15 of the world's best replica landmarks
Why travel all the way to England to see Stonehenge when you can save a few bucks and admire it in Virginia, or Texas, or Missouri, or... you get the idea. Areas without famous natural wonders or man-made marvels have somehow reasoned over the years that if 6.9 million people visit the Eiffel Tower annually, wouldn't at least 6.9 pay to visit our fake version of it?
The result: Scads of the world’s most popular tourist attractions, perfectly replicated in some very strange locales. Here are 15 of the best.
The Statue of Liberty -- Birmingham, AlabamaWhere to find the original: New York, New York
Cast in the same French foundry as the original (but made out of bronze), Alabama's Lady Liberty -- a fifth of the size of the actual monument -- is perched on a 60ft pedestal in Liberty Park. It first stood atop the Liberty National Life Insurance Company building in downtown Birmingham, though.
St Peter’s Basilica -- Nikko, JapanWhere to find the original: Vatican City, Italy
Tobu World Square theme park in Nikko, Japan features 102 famous architectural and historic sites, all replicated at a 1/25 scale and complete with 140,000 fake people. In addition to Versailles, the Colosseum, and even the World Trade Center towers, you'll find this Pope-less duplicate of St. Peter's.
Foamhenge -- Natural Bridge, VirginiaWhere to find the original: Wiltshire, United Kingdom
Yes, it's foam. No, it's not biodegradable. Apparently, the sculptor painstakingly ensured that every stone looked exactly like the original, and even consulted a psychic on how to arrange them in an astronomically correct manner.
The Taj Mahal -- Sonargaon, BangladeshWhere to find the original: Agra, India
This $56 million replica was built by a local filmmaker so that the country's poor would get the chance to see the famous site.
Mount Rushmore -- Tochigi, JapanWhere to find the original: Keystone, South Dakota
Decaying in an abandoned Wild West-themed amusement park, this 82ft, 1/3-scale replica of Mount Rushmore was apparently carved by a guy from South Dakota; for extra authenticity, of course. It was reportedly carved using satellite-plotted topographical maps for accuracy at a cost of $29 million.
Parthenon -- Nashville, TennesseeWhere to find the original: Athens, Greece
Aiming to cement the city's reputation as the "Athens of the South", or something, this full-scale replica of the Parthenon was built in 1897 -- today it's an art museum.
Trevi Fountain -- Las Vegas, NevadaWhere to find the original: Rome, Italy
Legend has it that throwing one coin into Trevi fountain means you'll return to Rome; a second leads to a new romance; a third ensures marriage. What happens when you throw your hard-won money into this Las Vegas replica is anyone's guess, but hopefully it doesn't involve getting married by an Elvis impersonator.
Christ the King -- Lisbon, PortugalWere to find the original: Rio de Janeiro, Brazil
This 90ft ripoff was built in 1959 to thank God for sparing Portugal in WWII. Unlike Rio's Christ the Redeemer statue, however, nobody's been reported to have climbed CTK for a selfie.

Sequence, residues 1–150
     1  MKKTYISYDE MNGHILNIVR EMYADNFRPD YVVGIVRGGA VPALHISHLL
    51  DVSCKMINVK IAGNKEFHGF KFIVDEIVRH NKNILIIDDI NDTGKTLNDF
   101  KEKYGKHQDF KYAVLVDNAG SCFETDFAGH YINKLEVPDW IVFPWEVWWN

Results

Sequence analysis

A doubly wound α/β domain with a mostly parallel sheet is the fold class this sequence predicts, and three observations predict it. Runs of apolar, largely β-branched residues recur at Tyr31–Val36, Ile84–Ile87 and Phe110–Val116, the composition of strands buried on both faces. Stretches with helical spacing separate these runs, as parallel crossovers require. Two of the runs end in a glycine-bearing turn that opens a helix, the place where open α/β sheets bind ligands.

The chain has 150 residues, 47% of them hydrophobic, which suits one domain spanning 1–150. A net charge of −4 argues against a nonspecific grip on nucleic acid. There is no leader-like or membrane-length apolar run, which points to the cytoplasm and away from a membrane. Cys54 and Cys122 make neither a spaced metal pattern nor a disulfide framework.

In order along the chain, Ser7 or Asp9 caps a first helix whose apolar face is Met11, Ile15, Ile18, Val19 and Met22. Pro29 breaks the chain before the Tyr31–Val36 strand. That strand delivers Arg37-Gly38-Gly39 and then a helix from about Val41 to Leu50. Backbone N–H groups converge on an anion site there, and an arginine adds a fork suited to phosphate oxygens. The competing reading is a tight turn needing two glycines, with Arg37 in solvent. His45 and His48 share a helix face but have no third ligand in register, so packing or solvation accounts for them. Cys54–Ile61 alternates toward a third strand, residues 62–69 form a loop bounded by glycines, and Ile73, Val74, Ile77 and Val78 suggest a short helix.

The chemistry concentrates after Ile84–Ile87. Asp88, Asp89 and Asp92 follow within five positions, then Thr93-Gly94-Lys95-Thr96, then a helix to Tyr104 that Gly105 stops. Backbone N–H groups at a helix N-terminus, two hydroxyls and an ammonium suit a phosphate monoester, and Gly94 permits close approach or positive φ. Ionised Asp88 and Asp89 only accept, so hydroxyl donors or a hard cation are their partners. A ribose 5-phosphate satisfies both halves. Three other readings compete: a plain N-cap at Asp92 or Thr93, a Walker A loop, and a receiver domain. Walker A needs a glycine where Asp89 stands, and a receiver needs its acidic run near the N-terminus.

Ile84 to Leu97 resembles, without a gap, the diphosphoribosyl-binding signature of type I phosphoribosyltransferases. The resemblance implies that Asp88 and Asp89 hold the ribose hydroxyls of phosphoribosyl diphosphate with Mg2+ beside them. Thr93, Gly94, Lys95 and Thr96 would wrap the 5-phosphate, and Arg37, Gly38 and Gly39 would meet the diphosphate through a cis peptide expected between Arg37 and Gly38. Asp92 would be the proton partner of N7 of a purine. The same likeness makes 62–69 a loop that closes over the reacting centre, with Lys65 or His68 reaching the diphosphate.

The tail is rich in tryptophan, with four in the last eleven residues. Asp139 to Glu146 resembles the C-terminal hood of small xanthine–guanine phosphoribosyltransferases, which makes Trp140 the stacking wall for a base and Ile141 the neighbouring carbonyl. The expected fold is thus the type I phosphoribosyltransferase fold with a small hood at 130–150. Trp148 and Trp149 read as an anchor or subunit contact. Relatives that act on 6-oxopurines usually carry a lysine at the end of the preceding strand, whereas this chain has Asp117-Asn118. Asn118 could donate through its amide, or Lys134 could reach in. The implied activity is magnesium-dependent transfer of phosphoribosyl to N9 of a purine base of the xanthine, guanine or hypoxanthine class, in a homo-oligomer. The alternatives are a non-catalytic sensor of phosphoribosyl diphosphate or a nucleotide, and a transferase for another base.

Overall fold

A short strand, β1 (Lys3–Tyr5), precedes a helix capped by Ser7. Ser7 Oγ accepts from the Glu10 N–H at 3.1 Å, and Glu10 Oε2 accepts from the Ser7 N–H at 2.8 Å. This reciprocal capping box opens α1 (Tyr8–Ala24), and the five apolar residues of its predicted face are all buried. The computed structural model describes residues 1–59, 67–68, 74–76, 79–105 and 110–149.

Hallstatt -- Guangdong, ChinaWhere to find the original: Hallstatt, Austria
Forget a simple landmark or monument -- China raised the ante by knocking off an entire Austrian town. The UNESCO World Heritage-listed Alpine village sits in the southern Chinese province of Guangdong, and cost $940 million to build.
Washington Square Arch -- New York, New YorkWhere to find the original: Paris, France
While the Washington Square Arch isn't exactly a replica, it was modeled after the Arc de Triomphe (86 years after it was built). You gotta admit, it's pretty damn similar.
Leaning Tower of Niles -- Niles, IllinoisWhere to find the original: Pisa, Italy
Half the size of the Leaning Tower of Pisa but with the same trademark tilt, this 94ft replica was built in 1934 to hide water tanks. As you can imagine, it later led to Niles establishing a sister city pact with Pisa in 1991.
Torre Eiffel -- Durango, MexicoWhere to find the original: Paris, France
There are over 30 Eiffel Tower copycats around the world, but this one's the most realistic. The 1/6-scale replica was apparently donated by some, no doubt, homesick Frenchies from the local town.
London's Tower Bridge -- Suzhou, ChinaWhere to find the original: London, United Kingdom
Suzhou boasts 56 pseudo Western landmarks, including the Sydney Harbor Bridge, the Pont Alexandre III Bridge in Paris, and London's Tower Bridge (pictured), which isn't an exact copy as it features four towers and no raising mechanism.
King Tut's Tomb -- Las Vegas, NevadaWhere to find the original: Valley of the Kings, Egypt
Officially sanctioned by the Egyptian Ministry of Antiquities, this ancient burial chamber was originally built inside the Luxor hotel before being donated to the Las Vegas Natural History Museum. features four perfectly replicated rooms filled with around 500 recreated artifacts. No mummy, though.
Mona Lisa -- Shenzhen, ChinaWhere to find the original: Paris, France
Forget the crowds, protective plastic, and red velvet ropes: in China's Dafen oil painting village, almost any famous work of art can be viewed up close and personal, before being purchased. Since the 1990s, this town has featured artists who specialize in creating (some might say, forging) incredibly accurate replicas of famous oil paintings.